Machines are drivers too – US gives Google green light to let computers drive cars

11 Feb 2016

The move is a vital moment in the development of self-driving cars after 100 years of human drivers

The US National Highway Traffic Safety Administration (NHTSA) has given machines a ticket to drive. The road safety regulator for the US has told Google that artificial intelligence systems piloting self-driving cars can be considered the driver under federal law.

This is a major coup, not just for Google but for the entire automotive industry, which is moving inexorably towards driverless or autonomous vehicles.

Google’s self-driving car unit had submitted a proposed design for a self-driving car that had “no need for a human driver”.

‘If no human occupant of the vehicle can actually drive the vehicle, it is more reasonable to identify the “driver” as whatever (as opposed to whoever) is doing the driving’

In its response, the NHTSA said: “NHTSA could interpret the term ‘driver’ as meaningless for purposes of Google’s SDV (self-driving vehicle), since there is no human driver, and consider Federal Motor Vehicle Safety Standards (FMVSS) provisions that refer to a driver as simply inapplicable to Google’s vehicle design.

“NHTSA could interpret ‘driver’ and operator as referring to the self-driving system (SDS); or NHTSA could interpret driver’s position or driver’s designated seating position as referring to the left front outboard seating position, regardless of whether the occupant of that position is able to control the vehicle’s operation or movements.”

Green light of sorts for Google driverless cars

The head of Google’s self-driving car business, Chris Urmson, has told the auto industry that the goal is to have driverless cars available on the market by 2020.

Last year, it emerged that Google is in discussions with Ford, Toyota, Daimler, Volkswagen and General Motors.

Rival tech giant Apple is also planning its own self-driving car under a project code-named ‘Project Titan’.

The first Apple Car is expected to cost less than $40,000 and will go more than 200 miles (321km) on a single charge.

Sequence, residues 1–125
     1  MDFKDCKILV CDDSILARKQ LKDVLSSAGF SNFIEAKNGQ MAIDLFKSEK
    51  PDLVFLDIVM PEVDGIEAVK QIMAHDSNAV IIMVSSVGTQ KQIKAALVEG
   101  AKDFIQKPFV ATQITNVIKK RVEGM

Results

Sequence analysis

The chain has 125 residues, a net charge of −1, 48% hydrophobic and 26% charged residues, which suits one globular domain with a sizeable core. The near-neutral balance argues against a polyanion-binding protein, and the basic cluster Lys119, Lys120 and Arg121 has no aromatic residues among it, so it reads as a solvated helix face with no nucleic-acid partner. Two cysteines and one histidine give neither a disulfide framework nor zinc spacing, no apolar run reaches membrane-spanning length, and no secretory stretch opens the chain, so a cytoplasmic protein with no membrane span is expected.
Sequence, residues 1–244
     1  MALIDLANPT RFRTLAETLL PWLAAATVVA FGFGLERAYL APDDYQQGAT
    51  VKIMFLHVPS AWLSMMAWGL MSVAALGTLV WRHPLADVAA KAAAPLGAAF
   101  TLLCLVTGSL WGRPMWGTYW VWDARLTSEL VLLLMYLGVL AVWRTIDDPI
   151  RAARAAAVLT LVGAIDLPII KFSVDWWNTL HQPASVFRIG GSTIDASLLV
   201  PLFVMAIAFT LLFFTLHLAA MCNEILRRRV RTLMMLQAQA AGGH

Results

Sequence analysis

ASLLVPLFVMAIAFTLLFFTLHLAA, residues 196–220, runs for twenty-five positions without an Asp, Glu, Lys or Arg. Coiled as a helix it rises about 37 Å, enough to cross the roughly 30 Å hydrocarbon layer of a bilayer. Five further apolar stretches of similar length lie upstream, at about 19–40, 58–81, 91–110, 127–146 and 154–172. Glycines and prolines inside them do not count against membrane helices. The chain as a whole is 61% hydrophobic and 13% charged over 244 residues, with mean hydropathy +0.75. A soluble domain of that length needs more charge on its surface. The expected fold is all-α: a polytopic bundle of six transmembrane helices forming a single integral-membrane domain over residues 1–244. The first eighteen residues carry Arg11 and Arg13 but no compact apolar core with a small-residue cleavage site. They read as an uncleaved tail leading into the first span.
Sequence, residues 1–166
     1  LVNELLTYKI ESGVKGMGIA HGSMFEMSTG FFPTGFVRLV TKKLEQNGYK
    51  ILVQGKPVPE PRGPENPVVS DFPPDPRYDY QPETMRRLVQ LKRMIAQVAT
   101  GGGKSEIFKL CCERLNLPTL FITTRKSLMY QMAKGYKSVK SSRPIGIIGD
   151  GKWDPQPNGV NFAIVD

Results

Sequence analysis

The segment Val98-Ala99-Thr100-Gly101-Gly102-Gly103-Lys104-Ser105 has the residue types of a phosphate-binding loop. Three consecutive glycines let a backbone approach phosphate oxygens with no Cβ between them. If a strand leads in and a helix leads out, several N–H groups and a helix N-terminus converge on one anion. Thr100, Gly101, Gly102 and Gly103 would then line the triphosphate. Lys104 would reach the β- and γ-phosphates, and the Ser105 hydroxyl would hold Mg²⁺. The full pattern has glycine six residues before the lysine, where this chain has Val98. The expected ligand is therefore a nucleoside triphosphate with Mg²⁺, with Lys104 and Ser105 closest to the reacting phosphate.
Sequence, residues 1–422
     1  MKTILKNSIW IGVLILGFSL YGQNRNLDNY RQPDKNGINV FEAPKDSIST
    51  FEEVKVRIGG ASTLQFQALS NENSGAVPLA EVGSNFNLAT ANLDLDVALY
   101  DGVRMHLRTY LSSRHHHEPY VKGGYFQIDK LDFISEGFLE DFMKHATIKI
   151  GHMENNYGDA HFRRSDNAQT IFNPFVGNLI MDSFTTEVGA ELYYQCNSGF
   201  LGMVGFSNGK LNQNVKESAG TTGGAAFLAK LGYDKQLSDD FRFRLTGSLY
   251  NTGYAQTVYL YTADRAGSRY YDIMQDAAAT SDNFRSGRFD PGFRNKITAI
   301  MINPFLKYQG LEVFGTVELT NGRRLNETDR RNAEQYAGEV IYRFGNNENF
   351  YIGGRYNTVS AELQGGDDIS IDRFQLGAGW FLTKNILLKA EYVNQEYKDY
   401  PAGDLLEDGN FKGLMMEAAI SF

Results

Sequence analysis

The NHTSA’s response to Google captured the historical essence of the times we are in: “We agree with Google that its SDV will not have a ‘driver’ in the traditional sense that vehicles have had drivers during the last more than 100 years. The trend toward computer-driven vehicles began with such features as antilock brakes, electronic stability control, and airbags, continuing today with automatic emergency braking, forward crash warning, and lane departure warnings, and continuing on toward vehicles with Google’s SDV and potentially beyond.

“No human occupant of the SDV could meet the definition of ‘driver’ in Section 571.3 given Google’s described motor vehicle design – even if it were possible for a human occupant to determine the location of Google’s steering control system, and sit ‘immediately behind’ it, that human occupant would not be capable of actually driving the vehicle as described by Google.

“If no human occupant of the vehicle can actually drive the vehicle, it is more reasonable to identify the ‘driver’ as whatever (as opposed to whoever) is doing the driving. In this instance, an item of motor vehicle equipment, the SDS, is actually driving the vehicle,” the NHTSA said.

John Kennedy is a journalist who served as editor of Silicon Republic for 17 years